Need an attorney for a federal firearms case? Contact our Chicago criminal defense lawyers today at (312) 466-9466.
There are a wide variety of Federal firearms offenses, and they are very often the most serious charges a person can face, with extremely high punishments. For example, a person convicted of carrying or using a firearm during commission of a crime of violence or drug offense faces a mandatory minimum sentence of 5 years and a consecutive sentence of 25 years for each additional count. Therefore, a person charged with selling drugs while possessing a firearm on two occasions is looking at a 30 year minimum sentence.
Other firearms offenses include making a false statement to acquire a firearm, possession of a firearm by a convicted felon, possession of a machine gun or silencer, or carrying or using a firearm during commission of a crime of violence or drug offense. Steven R. Hunter has defended these types of charges many times, and has the experience necessary to help you if you or a loved one has been charged with a federal firearms offense. .
To convict a person of being a felon in possession of a firearm the prosecution must prove (1) that the defendant is a convicted felon; (2) that he or she possessed a firearm; and (3) the firearm traveled in or affected interstate commerce. Courts have taken an extremely broad view of the last element, and a gun manufactured in another state will undoubtedly qualify. To prove possession, the government must show that the firearm was in his immediate possession or control. See United States v. Hayes, 919 F.2d 1262, 1264-65 (7th cir. 1990). Even momentary possession will qualify, and the possession can be actual or constructive.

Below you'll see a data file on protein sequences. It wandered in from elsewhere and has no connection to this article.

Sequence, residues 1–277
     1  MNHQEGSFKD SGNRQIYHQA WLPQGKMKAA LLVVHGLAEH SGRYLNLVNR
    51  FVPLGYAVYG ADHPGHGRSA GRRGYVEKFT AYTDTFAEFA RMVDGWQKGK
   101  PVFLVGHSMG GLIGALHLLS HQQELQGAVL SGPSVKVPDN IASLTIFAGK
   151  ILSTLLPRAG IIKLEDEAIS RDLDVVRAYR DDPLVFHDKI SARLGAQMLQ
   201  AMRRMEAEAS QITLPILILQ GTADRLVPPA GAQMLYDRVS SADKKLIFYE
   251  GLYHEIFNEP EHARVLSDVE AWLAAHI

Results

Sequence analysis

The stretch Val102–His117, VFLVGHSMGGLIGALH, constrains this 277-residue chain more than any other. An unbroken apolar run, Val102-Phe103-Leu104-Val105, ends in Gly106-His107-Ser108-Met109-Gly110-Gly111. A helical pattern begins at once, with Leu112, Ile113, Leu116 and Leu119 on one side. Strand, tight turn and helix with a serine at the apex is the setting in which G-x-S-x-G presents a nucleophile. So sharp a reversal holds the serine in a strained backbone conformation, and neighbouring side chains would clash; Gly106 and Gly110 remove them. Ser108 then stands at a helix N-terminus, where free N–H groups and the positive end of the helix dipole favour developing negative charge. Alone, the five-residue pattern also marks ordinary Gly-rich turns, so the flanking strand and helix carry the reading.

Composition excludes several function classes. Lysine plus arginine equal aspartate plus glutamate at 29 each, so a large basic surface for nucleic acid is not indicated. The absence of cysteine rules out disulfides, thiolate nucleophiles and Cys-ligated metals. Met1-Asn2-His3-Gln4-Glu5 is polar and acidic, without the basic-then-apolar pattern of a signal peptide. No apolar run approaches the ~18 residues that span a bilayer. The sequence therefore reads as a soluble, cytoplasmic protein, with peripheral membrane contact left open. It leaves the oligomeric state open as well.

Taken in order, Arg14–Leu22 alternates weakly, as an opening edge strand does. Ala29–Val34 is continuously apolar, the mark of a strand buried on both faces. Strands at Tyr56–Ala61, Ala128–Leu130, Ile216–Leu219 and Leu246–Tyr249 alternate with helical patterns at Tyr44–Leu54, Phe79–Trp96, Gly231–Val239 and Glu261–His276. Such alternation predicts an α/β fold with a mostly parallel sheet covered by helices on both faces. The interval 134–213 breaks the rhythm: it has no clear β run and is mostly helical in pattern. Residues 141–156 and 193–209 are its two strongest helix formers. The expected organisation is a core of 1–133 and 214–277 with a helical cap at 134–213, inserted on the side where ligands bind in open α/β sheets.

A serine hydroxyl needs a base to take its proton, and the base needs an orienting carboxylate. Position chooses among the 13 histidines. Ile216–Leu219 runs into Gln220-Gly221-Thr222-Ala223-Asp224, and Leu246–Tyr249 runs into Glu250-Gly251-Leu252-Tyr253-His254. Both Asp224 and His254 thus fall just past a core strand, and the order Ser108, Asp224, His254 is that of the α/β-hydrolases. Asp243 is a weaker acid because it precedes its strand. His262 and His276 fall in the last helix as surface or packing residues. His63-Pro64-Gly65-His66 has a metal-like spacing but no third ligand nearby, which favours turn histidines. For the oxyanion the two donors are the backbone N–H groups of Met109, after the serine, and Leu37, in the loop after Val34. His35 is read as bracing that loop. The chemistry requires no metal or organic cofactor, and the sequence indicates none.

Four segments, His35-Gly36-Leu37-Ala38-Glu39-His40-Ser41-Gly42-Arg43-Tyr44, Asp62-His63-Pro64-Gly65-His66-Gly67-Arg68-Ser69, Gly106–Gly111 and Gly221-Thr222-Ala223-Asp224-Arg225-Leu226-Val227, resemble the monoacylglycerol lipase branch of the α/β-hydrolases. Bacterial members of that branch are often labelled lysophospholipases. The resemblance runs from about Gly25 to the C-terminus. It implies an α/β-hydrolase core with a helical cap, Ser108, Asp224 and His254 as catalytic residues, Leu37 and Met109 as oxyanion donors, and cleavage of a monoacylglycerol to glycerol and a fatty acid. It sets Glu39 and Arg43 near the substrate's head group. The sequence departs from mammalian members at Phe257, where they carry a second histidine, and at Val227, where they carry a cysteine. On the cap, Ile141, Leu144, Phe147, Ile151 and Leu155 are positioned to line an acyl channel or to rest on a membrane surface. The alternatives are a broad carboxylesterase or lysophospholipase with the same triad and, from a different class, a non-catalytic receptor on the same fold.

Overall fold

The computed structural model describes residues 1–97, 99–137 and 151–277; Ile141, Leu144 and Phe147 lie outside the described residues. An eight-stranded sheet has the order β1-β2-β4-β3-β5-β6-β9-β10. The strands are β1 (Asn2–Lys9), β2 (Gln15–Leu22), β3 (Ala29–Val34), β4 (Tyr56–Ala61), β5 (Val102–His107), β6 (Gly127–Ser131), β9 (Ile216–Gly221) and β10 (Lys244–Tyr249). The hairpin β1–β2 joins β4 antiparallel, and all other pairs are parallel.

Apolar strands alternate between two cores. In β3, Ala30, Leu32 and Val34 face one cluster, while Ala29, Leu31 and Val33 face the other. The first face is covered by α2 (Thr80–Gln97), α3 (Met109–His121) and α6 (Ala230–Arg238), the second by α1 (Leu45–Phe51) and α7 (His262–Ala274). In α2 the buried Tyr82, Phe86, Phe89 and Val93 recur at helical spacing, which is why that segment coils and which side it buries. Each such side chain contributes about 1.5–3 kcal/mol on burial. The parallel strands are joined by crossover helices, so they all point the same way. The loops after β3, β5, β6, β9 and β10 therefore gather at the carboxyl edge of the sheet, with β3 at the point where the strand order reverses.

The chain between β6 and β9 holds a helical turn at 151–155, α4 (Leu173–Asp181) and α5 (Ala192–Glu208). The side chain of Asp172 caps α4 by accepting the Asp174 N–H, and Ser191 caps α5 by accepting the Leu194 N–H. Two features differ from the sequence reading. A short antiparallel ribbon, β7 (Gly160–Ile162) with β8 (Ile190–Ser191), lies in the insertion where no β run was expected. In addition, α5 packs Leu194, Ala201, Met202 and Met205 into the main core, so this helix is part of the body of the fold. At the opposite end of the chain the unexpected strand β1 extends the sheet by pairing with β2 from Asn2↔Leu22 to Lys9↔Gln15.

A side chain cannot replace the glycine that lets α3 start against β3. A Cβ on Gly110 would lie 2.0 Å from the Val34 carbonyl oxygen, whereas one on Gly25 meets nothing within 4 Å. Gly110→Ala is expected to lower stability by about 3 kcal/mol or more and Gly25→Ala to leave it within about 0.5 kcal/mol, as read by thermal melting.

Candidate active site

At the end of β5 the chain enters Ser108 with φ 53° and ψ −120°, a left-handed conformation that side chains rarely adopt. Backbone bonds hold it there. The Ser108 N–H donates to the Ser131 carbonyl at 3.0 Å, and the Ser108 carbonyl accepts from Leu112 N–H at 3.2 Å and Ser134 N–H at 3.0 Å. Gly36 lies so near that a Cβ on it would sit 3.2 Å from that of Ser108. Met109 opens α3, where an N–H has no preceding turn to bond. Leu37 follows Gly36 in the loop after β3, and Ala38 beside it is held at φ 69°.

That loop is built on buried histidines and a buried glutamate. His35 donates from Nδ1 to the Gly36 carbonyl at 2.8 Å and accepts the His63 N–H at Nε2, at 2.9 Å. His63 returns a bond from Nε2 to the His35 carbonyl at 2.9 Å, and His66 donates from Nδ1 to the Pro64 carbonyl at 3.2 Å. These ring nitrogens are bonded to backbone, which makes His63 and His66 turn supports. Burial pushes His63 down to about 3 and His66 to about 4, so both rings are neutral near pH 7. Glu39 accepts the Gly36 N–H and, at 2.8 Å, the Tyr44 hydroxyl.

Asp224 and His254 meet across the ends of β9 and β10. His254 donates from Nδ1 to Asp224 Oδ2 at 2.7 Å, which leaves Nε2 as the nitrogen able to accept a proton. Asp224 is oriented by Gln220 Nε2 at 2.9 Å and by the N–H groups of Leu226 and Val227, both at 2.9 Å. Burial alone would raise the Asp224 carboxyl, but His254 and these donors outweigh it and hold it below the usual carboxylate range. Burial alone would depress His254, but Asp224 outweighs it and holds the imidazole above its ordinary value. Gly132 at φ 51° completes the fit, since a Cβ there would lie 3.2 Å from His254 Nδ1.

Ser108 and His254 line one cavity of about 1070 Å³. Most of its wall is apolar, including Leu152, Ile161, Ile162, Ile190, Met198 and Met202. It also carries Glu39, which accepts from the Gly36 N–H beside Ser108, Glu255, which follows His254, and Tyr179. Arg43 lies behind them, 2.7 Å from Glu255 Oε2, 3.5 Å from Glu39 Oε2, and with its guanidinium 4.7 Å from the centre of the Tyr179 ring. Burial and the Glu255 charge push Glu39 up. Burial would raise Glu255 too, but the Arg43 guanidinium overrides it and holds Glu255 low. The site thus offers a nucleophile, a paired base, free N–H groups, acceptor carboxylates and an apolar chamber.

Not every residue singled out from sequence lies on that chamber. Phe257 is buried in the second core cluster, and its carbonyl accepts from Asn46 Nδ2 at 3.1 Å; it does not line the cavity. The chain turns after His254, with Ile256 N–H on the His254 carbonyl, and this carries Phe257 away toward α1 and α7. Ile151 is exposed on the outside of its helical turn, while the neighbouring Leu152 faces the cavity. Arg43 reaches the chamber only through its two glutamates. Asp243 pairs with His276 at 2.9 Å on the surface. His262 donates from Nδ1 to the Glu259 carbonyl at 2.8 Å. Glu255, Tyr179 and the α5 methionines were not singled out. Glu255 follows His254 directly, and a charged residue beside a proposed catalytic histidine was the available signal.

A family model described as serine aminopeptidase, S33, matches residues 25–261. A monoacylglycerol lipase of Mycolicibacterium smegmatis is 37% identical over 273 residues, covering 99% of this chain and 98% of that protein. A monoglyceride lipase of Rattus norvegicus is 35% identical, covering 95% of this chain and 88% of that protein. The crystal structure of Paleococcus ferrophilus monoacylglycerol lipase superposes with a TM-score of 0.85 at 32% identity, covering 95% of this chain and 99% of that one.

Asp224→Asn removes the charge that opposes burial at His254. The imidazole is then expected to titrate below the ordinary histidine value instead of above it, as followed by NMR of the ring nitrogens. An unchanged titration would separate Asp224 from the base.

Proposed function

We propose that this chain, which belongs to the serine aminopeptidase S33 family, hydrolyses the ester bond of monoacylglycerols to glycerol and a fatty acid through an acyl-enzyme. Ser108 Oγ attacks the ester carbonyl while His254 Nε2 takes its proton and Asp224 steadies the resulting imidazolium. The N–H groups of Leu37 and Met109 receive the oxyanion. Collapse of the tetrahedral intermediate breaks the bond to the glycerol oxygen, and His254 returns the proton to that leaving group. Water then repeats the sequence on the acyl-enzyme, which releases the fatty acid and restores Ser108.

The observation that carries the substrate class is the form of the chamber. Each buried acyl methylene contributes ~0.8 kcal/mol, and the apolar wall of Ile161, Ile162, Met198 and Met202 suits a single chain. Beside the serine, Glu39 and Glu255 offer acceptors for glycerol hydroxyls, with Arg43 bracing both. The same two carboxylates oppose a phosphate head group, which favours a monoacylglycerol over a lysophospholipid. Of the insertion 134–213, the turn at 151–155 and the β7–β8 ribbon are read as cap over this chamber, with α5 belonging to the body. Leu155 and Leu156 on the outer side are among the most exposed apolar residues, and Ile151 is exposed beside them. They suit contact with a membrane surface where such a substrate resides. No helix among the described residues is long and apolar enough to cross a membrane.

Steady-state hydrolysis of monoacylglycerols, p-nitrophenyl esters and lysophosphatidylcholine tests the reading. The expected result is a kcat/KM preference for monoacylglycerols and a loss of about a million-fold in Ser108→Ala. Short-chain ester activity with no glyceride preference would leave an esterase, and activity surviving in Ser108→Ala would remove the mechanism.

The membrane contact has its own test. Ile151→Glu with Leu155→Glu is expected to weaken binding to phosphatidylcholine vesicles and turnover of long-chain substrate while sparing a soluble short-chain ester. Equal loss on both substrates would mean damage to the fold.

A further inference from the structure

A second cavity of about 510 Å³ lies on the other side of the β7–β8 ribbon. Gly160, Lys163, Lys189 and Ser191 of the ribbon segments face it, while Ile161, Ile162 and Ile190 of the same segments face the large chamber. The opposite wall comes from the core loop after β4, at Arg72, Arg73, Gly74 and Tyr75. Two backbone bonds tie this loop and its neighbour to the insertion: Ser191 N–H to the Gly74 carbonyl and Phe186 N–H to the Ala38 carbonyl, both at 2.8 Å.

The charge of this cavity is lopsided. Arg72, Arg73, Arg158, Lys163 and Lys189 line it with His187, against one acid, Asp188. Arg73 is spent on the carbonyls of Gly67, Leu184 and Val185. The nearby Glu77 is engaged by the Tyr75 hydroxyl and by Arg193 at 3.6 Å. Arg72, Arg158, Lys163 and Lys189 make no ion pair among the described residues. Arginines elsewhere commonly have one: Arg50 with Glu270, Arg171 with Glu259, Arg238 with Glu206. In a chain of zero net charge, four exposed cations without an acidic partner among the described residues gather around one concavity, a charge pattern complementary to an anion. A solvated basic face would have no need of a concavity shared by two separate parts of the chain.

Some of the defenses include argue lack of possession due to lack of knowledge, lack of control, or mere proximity. It is possible to argue that the prosecution failed to establish that the person with the felony conviction and the person on trial are the same. In United States v. Allen, 383 F.3d 644 (7th Cir. 2004), the prosecution presented a certified copy of conviction in the defendant's name, David Allen, but no evidence to establish that the defendant was the person named in the document. The court of appeals reversed the conviction. This is unlikely to work in every case because the prosecution could have introduced testimony identifying the defendant, or other identifiers suggesting it was unlikely that there were two different David Allen's involved.
To find out if you have a possible defense against Federal firearms charges, call today to schedule an office consultation with Steven R. Hunter. He has the experience and expertise to defend your Federal firearms case.